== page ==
Sunday, August 26, 2007

The -s dilemma

I have left my Krashen book at work, and I am at home, late at night, but I feel I ought to comment on this before it slips my mind. One of Krashen's original hypotheses was that there was a distinct order in which people acquire grammatical forms, and that that order was not really affected by the order in which you taught things, etc. Therefore you could arrange a syllabus however you wanted, and it wouldn't really change anything; people would acquire in their own order, regardless of grammar "teaching", can the grammar class, it doesn't have any effect anyway.

Now one thing I like about Krashen was that he did all this while keeping an eye on the classroom and on classroom teachers; he was partly right, in that the order of acquisition is often independent of what is happening in the classroom on a day-to-day basis. However his attempts at finding an immutable "order" were futile, and it certainly wasn't genetic, or universal, or the same for all second-language learners, or even all first-language learners. Or, to be more exact, if there is a common order, they couldn't prove it, or didn't find it.

And, in the book I have, where he looks back over his entire legacy, he brings up the -s dilemma, almost as if that was the thing that beat him. For, if you listen carefully to immigrants, and people who have been here for many years, some have never acquired the habit of putting -s on verbs appropriately. They have learned everything else: relative clauses, complex sentences, etc. But they are still saying, He study English. She live in Chicago.

Now if there were a natural, immutable order, wouldn't this be about the first? It is certainly one of the simpler, more basic rules. It is a rule upon which others are built. Yet, here we are, sometimes 15, 20, 25 years into an acquisition history, and it's not acquired. What's up with that? It felt to me, in reading, that Krashen had been reduced to mumbling into his beer about his failure to explain this. He promised to explain later, but if he did, I never found it.

I maintain that acquisition order can be explained; that it goes straight to human motive and whether a form is necessary to communicate something that could be communicated without it. Thus the answer is, simply, because they can get away with not doing it. Because, unlike other forms, there is little price for not worrying about it.

And the calculations of "price" are scientific- psychological with a human dimension, but measurable, different from person to person, and clearly explainable. It is and always will be a mistake to explain such things as due to complexity of the form itself, or someone's inability to understand or know how to conjugate a verb. People "know how" to conjugate a verb. Though there may have been a point at which they didn't "know how" the verb system worked, it is impossible to explain an extremely late acquisition of -s to "knowledge," since they have now heard -s millions of times; they have even produced it millions of times, in other environments, on plural nouns for example, or possessives, when it's far more necessary to convey specific meaning. So it's also not explainable in terms of the complexity of the sound or the difficulty of producing it under pressure (though I guess that's possible). I think these may be factors, for some learners, especially at the beginning, but in the big picture, for people who are still working with it after 20 years-they begin to fade.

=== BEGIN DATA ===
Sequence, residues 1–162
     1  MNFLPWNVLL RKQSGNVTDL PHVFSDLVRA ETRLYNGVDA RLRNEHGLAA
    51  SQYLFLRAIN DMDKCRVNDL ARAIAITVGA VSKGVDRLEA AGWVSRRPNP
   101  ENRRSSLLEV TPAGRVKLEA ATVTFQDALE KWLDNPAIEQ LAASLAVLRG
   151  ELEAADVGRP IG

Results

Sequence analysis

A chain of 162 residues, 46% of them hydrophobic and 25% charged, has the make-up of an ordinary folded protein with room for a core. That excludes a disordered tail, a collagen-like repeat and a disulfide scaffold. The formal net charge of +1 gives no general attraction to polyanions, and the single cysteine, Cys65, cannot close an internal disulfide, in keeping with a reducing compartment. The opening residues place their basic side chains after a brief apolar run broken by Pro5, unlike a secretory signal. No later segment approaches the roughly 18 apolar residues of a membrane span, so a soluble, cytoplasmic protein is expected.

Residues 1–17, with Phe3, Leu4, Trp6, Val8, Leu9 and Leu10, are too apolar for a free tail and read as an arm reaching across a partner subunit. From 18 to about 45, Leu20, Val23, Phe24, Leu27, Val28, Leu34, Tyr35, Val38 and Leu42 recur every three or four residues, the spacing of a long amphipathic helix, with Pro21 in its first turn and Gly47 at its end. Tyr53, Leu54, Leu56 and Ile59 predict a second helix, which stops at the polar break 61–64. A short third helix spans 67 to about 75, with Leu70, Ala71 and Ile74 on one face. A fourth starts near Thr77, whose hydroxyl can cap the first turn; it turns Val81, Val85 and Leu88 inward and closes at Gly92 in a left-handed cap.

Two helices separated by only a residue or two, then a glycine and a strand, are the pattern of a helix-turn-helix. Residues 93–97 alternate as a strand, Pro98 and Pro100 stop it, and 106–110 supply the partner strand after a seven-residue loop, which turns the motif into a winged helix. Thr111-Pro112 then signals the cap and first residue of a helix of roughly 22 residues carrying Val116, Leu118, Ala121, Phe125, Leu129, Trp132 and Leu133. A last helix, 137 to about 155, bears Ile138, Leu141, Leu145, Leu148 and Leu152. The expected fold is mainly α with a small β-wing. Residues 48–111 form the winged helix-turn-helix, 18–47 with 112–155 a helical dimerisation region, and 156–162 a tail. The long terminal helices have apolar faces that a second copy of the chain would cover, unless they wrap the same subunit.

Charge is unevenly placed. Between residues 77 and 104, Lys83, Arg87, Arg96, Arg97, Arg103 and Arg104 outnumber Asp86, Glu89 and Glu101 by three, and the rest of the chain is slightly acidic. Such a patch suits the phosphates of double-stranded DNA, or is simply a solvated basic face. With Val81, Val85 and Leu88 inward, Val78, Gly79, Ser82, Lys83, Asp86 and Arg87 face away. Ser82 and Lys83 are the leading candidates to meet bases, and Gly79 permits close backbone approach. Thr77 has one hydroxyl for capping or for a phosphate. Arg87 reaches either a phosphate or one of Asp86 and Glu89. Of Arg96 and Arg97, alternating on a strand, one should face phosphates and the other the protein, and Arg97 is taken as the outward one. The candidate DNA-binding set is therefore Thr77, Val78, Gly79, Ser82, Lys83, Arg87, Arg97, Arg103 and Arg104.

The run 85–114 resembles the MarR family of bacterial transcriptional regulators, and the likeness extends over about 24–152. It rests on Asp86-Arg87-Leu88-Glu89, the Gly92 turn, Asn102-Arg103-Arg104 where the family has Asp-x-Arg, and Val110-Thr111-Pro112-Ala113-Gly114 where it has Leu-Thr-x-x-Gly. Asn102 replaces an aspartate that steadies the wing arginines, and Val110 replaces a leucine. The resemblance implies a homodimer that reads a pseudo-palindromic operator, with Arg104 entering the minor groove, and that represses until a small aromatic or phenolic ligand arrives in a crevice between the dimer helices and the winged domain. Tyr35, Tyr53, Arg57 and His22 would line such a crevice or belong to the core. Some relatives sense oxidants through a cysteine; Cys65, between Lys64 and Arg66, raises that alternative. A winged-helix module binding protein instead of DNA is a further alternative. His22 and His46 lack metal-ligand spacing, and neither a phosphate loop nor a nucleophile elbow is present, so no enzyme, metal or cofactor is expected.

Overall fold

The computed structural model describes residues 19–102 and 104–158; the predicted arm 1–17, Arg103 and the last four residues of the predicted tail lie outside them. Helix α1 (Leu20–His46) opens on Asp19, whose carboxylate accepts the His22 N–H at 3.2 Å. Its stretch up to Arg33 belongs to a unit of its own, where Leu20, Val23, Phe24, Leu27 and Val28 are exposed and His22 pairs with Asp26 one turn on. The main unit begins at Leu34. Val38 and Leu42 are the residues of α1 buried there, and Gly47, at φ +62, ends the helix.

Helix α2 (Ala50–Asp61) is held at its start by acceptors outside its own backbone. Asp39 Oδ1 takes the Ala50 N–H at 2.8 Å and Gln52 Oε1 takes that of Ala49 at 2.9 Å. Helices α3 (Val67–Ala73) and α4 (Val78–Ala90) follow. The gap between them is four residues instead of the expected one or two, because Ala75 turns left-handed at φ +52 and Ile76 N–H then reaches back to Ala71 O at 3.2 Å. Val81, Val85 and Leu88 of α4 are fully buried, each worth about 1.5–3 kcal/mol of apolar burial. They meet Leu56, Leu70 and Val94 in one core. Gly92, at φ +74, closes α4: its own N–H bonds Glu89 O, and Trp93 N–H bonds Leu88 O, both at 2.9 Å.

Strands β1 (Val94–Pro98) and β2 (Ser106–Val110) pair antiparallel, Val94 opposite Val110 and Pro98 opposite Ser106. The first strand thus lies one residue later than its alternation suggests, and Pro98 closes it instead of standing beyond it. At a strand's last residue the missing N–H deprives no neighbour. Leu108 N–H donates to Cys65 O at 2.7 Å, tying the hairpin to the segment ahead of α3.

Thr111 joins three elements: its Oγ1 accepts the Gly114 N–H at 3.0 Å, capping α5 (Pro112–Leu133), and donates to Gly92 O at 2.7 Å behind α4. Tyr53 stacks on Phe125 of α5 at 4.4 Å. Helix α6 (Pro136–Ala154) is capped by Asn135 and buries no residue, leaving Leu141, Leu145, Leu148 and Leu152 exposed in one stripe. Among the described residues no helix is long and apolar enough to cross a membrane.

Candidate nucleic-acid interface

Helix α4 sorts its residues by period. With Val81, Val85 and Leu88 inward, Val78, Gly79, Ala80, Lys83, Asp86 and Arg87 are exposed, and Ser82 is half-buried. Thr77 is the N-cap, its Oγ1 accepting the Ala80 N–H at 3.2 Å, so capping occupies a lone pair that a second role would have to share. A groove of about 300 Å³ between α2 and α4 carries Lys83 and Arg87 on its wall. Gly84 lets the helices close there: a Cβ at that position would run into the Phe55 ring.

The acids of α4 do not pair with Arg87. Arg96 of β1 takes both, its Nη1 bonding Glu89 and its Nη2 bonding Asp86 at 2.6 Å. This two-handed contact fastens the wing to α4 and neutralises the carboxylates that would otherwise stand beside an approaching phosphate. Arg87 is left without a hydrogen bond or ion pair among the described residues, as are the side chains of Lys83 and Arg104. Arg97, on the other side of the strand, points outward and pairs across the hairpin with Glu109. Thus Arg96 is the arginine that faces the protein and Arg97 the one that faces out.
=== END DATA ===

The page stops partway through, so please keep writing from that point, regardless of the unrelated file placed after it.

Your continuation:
I suspect that if a person were systematic in looking at all learners (and perhaps somebody has done this), he/she would find that in fact people acquire -s at all different times in their acquisition history, depending on different independent variables, which could be mapped out and explained, at least theoretically. Why did someone go thirty years and still not get it? And another person pick it up right away? Surely not because of its essential complexity, or the basic nature of the language itself. Surely people who are looking at this, trying to explain it systematically, have found something they could share. Or, like Krashen, they end up mumbling in their beer, unable, truly, to explain anything?

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